PHI is considered to be health, treatment, or payment information – or any associated identifying information – that is created, received, maintained, or transmitted by a HIPAA regulated entity.
PHI is an acronym for Protected Health Information – a term used in the healthcare and health insurance industries to describe individually identifiable health information subject to the privacy and security regulations of the Health Insurance Portability and Accountability Act (HIPAA).
The reason for it being important to know what is considered PHI under HIPAA is that the privacy and security regulations govern when PHI can be used and disclosed, who PHI can be used by and disclosed to, and what security measures have to be implemented to protect PHI.
If it is not known what is considered PHI under HIPAA, it is possible that individually identifiable health information could be used or disclosed impermissibly, disclosed to unauthorized individuals, or exposed to third parties who commit identity theft and healthcare fraud.
What is Considered PHI under HIPAA?
HIPAA (§160.103) defines PHI as “individually identifiable health information transmitted by electronic media, maintained by electronic media, or transmitted or maintained in any other form or medium”. (*) To better understand this definition, it is helpful to refer to how HIPAA defines individually identifiable health information:
Individually identifiable health information is information that is a subset of health information, including demographic information collected from an individual, and:
(1) Is created or received by a health care provider, health plan, employer, or health care clearinghouse; and
(2) Relates to the past, present, or future physical or mental health or condition of an individual; the provision of health care to an individual; or the past, present, or future payment for the provision of health care to an individual; and
(i) That identifies the individual; or (ii) with respect to which there is a reasonable basis to believe the information can be used to identify the individual.
(*) The unusual “electronic/any other form” definition is attributable to Title II of HIPAA originally intending to standardize electronic healthcare transactions and protect health information included in them. The Privacy Rule was later added to HIPAA when Congress failed to enact privacy legislation of its own. See Why was HIPAA Created? for more information on the origins of HIPAA.
What These Definitions Mean
To summarize the above definitions of what is considered PHI under HIPAA, PHI is any information relating to an individual’s health condition, treatment for the condition, or payment for the treatment and any further information maintained with the health/treatment/payment information that could be used to identify the individual.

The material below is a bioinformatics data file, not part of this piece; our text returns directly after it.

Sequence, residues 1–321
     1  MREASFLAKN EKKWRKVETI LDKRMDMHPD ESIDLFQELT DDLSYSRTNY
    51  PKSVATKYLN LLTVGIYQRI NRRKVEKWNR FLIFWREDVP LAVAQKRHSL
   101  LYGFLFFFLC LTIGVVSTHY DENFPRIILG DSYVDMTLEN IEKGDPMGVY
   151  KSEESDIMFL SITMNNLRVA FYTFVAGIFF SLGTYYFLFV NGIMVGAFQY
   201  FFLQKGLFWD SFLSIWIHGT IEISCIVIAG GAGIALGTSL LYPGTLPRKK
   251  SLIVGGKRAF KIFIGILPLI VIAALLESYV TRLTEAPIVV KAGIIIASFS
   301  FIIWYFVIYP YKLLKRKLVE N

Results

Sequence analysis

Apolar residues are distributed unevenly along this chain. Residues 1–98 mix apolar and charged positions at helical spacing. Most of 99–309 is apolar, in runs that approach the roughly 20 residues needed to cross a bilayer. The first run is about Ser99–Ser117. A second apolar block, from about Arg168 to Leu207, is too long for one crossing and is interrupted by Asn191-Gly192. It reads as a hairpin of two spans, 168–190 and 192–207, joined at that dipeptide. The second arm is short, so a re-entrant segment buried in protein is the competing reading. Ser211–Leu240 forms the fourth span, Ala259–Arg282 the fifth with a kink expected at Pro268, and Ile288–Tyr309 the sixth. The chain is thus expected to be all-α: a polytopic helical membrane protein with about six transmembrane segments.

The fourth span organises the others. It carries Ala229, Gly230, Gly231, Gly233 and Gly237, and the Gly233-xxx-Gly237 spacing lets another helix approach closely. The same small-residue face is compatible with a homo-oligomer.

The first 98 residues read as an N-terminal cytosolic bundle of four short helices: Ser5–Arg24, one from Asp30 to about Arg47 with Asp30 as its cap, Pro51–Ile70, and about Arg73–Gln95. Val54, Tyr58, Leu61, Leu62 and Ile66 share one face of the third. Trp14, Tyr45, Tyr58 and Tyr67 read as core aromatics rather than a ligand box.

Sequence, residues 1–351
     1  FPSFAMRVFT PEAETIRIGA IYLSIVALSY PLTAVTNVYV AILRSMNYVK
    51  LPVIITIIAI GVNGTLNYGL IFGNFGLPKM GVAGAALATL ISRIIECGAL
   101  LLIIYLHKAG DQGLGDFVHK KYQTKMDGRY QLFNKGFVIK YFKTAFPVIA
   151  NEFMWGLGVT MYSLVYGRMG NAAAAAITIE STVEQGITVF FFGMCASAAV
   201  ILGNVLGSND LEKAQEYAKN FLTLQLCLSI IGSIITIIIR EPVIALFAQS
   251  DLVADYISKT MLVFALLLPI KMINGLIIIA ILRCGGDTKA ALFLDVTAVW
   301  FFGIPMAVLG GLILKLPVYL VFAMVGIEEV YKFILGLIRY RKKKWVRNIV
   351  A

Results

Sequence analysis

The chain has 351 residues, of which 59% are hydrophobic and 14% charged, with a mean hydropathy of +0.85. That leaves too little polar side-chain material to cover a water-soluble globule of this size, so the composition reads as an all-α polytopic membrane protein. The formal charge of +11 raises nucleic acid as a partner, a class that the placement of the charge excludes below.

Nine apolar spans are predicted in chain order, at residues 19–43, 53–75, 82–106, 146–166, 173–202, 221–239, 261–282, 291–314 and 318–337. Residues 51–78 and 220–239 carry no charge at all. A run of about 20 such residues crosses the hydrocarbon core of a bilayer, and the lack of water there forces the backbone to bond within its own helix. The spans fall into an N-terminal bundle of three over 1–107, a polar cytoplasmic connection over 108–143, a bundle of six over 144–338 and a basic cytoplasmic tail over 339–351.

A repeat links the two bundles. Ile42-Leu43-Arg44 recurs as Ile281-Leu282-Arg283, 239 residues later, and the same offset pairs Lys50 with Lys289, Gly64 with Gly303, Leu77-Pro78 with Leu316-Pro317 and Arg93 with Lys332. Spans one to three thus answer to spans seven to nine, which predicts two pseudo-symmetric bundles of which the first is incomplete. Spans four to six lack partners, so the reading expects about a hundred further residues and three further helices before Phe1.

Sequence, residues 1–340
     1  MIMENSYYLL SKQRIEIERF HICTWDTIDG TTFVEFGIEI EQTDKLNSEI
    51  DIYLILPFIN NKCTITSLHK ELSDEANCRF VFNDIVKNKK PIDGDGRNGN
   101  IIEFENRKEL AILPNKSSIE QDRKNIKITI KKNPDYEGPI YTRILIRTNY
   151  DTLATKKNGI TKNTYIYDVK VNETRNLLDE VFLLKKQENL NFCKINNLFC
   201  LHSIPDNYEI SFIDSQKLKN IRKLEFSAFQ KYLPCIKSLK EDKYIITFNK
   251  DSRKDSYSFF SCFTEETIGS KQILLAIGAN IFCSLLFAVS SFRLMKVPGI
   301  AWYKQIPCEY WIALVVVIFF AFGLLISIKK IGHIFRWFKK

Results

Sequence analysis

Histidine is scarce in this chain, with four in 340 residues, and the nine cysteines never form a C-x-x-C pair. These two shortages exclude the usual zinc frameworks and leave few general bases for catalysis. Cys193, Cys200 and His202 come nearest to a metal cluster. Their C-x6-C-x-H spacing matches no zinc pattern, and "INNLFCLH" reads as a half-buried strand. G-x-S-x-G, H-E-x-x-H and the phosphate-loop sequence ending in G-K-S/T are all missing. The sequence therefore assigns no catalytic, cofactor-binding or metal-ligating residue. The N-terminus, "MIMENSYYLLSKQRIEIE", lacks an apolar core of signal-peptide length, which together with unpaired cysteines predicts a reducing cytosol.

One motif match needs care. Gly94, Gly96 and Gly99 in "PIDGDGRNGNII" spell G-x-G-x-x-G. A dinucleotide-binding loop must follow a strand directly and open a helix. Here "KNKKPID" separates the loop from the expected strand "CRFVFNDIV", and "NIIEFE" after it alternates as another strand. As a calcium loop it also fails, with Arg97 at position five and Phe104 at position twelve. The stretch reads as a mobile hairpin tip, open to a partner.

Therefore, if a patient has an emotional support animal that people would recognize and associate with the patient, and information about the emotional support animal is maintained in the same designated record set as the patient’s health information, the information about the emotional support animal assumes the same protections as the patient’s health information.
However, if information about the emotional support animal is maintained separately from the patient’s health information (i.e., for transport purposes), it is not protected. The same applies to any of the “18 HIPAA Identifiers” sometimes confused as what is consider PHI under HIPAA if they are maintained in a separate database from a patient’s health information.
The Consequences of Too Much Security
While it is important to know what is considered PHI under HIPAA and to ensure PHI is protected from impermissible uses and disclosures, it is also important to develop policies that permit access to individually identifiable non-health information when it is maintained separately from a patient’s health information (i.e., for transport purposes).
If policies are developed that regard all information as PHI, this can obstruct the flow of information required for the smooth operation of a healthcare facility or result in scenarios in which database login credentials are shared with unauthorized workforce members so the unauthorized workforce members can get access to the information they need to do their jobs.
Organizations unsure about what is considered PHI under HIPAA, how it should be protected, or how non-health information can be isolated in compliance with HIPAA should seek professional compliance advice.